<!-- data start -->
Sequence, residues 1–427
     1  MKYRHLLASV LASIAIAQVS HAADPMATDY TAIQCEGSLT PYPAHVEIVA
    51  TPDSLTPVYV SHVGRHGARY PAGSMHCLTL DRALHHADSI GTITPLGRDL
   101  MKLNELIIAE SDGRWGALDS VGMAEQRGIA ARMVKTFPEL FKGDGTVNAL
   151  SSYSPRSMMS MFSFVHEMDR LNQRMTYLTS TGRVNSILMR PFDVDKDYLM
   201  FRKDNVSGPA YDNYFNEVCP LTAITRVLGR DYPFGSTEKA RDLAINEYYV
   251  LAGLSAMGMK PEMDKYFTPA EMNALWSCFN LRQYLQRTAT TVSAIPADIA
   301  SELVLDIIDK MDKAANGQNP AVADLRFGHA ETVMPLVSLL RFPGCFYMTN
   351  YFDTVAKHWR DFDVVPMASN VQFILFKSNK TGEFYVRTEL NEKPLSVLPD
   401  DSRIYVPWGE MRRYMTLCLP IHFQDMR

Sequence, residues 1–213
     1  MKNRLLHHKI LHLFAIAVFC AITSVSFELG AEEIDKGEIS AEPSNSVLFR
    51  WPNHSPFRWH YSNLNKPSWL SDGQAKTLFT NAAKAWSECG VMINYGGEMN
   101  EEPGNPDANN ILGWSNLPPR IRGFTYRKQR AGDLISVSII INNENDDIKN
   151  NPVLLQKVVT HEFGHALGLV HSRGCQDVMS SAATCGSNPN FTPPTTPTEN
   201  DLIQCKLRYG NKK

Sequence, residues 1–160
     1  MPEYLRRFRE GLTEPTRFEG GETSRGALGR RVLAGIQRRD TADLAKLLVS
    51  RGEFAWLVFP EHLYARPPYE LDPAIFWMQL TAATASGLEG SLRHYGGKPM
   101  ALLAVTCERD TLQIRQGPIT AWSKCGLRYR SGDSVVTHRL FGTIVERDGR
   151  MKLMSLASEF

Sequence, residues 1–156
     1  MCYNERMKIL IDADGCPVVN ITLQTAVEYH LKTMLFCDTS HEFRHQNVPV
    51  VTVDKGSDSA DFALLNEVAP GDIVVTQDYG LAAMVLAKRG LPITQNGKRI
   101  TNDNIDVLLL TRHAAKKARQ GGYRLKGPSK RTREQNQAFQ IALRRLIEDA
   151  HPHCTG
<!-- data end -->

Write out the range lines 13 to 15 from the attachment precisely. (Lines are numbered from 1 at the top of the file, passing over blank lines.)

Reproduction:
    51  WPNHSPFRWH YSNLNKPSWL SDGQAKTLFT NAAKAWSECG VMINYGGEMN
   101  EEPGNPDANN ILGWSNLPPR IRGFTYRKQR AGDLISVSII INNENDDIKN
   151  NPVLLQKVVT HEFGHALGLV HSRGCQDVMS SAATCGSNPN FTPPTTPTEN